Gilchrist, head of the bank-owned brokerage since May 2019, says his strategy is: “[We] listen to our advisors, understand what they need and execute on the initiatives they have prioritized. We are proud of the strong culture.”
Among the four firms that did not improve year-over-year, Toronto-based BMO Private Wealth Canada and Asia had the worst showing, plummeting in all but four categories. That resulted in an IE rating of 6.9, down from 8.0 last year.
BMO advisors said they were unhappy with the way the bank approached the merger. When asked about the worst aspects of the firm overall, an advisor in Ontario says it appeared that the firm was being taken over by the bank completely: “Eventually you’ll have a set salary and such. It’s wrong.”
Another BMO advisor in B.C. says the firm needs to “let [investment] advisors do their own thing and not ask people to sell credit cards to their clients. We need management that supports us.”
In a statement emailed to IE, Andrew Auerbach, head of BMO Private Wealth Canada and Asia, says the intent of the merger was “preserving the best elements of two strong businesses. [More than a year] in, I am extremely proud of our unified team. During this transformative period, we have not lost focus on our clients.”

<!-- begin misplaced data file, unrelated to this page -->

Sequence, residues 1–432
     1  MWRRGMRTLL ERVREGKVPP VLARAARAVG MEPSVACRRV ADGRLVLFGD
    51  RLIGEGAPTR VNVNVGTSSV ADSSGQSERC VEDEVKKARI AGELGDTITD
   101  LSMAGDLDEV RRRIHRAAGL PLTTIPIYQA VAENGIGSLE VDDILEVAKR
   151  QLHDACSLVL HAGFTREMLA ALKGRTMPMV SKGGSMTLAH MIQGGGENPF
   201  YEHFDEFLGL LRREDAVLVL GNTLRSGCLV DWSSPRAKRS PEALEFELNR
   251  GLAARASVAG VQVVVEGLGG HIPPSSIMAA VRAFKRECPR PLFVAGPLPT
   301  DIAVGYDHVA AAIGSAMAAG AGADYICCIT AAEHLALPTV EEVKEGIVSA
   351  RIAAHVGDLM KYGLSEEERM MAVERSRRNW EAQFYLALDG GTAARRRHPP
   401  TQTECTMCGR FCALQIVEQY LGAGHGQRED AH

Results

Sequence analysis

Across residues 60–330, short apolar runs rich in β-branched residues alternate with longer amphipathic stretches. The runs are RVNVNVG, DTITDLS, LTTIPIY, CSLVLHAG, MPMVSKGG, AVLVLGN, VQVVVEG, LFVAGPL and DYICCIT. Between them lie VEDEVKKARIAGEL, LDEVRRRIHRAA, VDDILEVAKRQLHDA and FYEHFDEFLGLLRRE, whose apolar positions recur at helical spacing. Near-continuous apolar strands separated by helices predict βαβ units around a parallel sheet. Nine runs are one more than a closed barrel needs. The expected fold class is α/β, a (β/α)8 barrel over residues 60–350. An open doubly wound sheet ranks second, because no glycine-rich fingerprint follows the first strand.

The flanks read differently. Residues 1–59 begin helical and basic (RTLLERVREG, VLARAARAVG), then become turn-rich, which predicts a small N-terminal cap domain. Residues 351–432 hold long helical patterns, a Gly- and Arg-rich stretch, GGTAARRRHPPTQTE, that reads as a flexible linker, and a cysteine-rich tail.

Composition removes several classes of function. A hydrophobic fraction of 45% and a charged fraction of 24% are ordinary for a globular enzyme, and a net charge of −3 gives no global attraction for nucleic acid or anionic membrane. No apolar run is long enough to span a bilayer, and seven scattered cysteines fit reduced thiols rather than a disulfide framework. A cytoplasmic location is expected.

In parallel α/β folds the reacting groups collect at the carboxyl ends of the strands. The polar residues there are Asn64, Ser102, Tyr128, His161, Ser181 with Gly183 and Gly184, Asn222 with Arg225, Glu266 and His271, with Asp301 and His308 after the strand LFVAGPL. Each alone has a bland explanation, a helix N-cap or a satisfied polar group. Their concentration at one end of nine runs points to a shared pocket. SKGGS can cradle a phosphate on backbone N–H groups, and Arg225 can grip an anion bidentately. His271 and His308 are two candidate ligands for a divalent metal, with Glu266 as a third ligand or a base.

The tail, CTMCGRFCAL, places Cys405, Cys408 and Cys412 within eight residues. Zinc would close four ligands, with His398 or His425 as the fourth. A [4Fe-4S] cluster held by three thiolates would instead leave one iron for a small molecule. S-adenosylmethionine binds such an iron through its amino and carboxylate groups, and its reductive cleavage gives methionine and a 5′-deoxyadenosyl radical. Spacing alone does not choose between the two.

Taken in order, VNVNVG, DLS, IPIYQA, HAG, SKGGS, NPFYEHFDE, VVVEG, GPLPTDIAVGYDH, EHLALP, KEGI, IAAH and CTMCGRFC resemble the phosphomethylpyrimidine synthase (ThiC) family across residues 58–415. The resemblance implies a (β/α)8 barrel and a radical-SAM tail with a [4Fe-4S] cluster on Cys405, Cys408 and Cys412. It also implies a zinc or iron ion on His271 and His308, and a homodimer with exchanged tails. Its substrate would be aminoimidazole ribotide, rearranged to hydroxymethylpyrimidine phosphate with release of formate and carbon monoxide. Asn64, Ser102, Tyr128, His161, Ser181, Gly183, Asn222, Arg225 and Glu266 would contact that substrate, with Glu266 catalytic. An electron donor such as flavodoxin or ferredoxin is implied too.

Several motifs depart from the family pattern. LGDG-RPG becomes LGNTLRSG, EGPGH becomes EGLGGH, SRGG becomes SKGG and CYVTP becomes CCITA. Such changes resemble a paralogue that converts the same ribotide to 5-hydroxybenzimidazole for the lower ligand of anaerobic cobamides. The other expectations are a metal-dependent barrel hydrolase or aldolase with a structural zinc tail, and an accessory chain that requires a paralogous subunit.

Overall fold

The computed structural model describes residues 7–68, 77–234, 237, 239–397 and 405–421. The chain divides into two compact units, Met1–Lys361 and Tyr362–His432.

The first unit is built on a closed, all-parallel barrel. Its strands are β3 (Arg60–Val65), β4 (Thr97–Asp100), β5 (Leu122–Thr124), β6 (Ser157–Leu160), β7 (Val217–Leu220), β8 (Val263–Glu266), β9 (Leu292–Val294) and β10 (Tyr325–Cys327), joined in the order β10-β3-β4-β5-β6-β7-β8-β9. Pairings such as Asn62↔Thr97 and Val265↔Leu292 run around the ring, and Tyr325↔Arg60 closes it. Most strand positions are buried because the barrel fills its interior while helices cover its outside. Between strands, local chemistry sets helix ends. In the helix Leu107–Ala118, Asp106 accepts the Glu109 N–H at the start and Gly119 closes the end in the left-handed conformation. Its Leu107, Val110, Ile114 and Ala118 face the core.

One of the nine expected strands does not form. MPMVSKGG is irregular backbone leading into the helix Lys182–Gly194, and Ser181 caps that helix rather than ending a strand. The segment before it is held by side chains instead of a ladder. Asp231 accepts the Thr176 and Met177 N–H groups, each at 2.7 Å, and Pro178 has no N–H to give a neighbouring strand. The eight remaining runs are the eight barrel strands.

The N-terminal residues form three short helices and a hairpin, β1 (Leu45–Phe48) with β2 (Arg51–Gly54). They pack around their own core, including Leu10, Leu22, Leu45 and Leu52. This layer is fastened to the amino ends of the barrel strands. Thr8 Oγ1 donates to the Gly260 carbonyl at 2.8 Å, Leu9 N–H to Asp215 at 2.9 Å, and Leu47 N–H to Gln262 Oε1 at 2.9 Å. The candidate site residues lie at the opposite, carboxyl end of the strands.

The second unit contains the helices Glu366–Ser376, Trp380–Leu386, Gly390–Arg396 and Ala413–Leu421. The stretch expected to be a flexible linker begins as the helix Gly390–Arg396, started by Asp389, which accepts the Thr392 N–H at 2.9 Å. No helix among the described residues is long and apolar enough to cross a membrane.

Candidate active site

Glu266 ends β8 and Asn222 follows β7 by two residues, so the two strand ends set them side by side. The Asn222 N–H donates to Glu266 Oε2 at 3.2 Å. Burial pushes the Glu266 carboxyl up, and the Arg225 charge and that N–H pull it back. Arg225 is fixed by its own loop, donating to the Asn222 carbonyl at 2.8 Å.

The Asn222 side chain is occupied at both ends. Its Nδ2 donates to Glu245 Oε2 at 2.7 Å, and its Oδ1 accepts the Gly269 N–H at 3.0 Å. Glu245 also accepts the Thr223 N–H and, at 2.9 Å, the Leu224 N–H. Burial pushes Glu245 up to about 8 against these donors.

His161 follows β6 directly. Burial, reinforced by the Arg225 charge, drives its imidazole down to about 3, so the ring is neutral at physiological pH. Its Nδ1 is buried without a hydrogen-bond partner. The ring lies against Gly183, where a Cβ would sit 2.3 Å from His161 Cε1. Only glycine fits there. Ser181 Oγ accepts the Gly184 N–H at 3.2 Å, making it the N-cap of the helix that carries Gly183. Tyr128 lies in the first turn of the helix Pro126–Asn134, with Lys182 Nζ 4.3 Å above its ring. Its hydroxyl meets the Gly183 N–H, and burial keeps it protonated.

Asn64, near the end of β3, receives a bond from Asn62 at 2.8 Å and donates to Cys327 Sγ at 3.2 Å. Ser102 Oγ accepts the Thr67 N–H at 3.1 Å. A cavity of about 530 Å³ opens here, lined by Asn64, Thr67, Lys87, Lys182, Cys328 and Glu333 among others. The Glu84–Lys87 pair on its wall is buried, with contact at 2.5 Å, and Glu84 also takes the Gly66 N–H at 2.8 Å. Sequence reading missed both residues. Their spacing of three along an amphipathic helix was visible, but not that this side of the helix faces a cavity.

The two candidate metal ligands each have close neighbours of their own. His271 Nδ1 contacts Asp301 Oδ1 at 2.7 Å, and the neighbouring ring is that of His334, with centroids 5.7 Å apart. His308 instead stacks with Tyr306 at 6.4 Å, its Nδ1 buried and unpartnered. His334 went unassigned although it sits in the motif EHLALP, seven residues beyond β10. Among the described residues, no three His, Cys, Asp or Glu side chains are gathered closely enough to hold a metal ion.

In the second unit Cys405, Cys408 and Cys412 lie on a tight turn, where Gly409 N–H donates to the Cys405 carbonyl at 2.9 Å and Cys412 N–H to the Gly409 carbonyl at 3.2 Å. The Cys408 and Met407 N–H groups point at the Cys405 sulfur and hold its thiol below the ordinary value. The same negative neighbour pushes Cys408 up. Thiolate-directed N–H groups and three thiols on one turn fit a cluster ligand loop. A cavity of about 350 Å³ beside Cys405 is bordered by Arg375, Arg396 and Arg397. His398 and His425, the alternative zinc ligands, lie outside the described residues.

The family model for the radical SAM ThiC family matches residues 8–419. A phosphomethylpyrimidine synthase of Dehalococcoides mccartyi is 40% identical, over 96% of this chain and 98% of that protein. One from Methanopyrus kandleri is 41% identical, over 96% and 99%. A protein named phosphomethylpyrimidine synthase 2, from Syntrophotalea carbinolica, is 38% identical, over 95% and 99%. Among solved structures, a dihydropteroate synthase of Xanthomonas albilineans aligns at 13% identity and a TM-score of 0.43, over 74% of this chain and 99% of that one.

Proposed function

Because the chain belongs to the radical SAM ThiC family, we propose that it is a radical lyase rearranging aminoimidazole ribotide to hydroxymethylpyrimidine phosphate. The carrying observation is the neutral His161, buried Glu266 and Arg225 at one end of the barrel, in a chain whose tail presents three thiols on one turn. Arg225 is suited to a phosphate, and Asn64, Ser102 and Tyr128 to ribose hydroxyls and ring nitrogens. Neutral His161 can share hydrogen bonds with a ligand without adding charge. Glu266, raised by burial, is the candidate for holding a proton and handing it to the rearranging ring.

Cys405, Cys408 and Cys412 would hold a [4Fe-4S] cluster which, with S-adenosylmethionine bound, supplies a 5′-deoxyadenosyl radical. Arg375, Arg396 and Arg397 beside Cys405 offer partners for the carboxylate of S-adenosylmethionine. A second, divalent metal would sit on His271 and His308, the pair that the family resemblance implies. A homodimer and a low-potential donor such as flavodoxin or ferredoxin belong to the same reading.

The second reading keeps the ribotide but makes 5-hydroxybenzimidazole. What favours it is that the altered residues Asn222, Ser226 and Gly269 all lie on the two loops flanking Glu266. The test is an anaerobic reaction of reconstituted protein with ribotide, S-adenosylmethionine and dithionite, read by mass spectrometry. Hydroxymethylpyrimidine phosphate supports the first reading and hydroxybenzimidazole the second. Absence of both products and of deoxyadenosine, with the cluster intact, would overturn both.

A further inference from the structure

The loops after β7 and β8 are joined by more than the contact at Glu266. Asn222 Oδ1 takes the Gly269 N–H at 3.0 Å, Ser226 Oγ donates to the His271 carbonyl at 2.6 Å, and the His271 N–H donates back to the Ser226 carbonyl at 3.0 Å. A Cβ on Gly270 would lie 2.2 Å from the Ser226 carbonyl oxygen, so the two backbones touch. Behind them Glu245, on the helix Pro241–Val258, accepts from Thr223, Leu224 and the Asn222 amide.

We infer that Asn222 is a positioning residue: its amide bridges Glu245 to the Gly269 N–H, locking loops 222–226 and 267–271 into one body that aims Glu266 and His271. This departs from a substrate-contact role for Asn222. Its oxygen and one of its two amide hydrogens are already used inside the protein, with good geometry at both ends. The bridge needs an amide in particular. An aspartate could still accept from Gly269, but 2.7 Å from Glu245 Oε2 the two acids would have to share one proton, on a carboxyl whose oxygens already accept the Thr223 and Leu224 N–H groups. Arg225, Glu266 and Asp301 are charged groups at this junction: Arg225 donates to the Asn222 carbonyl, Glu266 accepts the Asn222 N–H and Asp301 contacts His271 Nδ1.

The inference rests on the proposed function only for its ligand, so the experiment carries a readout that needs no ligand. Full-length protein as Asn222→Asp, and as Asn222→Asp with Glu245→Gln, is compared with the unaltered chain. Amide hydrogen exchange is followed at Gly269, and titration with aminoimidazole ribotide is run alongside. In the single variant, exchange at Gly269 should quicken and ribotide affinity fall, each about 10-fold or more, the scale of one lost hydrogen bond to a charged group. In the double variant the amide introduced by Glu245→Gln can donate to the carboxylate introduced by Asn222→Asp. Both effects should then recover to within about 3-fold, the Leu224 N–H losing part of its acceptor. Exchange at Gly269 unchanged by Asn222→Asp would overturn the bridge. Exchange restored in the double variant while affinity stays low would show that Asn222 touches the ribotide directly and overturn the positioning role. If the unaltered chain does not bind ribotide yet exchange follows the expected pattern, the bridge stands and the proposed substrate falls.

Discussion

The firm had its lowest rating in the “receptiveness to feedback” category: 4.4, down from 7.2 last year. That 4.4 rating was the lowest in the 2020 Brokerage Report Card. Not surprisingly, the largest year-over-year category drop for BMO was for “firm’s stability,” rated at 5.4 and down from 8.6 a year ago.
“There’s constant change and people in positions who are unfamiliar with roles. They’re arrogant and don’t listen to what we have to say,” says a BMO advisor in British Columbia.
Says another advisor in Ontario: “The leadership needs to listen a lot more to us. Or get fired.”
Auerbach adds that the bank aims to build a business that “responds to the changing expectations of our clients and adapts to the evolving competitive environment.”
For the second year in a row, the firm with the lowest IE rating was Industrial Alliance Securities Inc. (iA Securities) with a 6.8, down from 7.2 last year.
Advisors with iA Securities complained most about the firm’s technology, and the firm received a 5.5 for “technology tools & advisor desktop.” That was similar to last year’s 5.8, and remained the lowest rating in the category across all firms.
“They’ve taken what should be the easiest part of the business, which is the technology, and made it worse,” explains one of the firm’s advisors in Ontario. Another iA Securities advisor in Ontario says there’s been “a big step back overall” when it comes to digital tools.
“We are always listening to what [advisors’] needs are and are open to making improvements whenever possible,” say iA Securities executives in a statement emailed to IE addressing the concerns raised regarding technology.
iA also suggests that advisors may simply need time to adjust to new systems, noting that the firm had recently transitioned the legacy HollisWealth platforms from Toronto-based Bank of Nova Scotia’s system to its own. “With any change, it takes time to learn and understand the new programs, platforms and tools,” say the firm’s executives.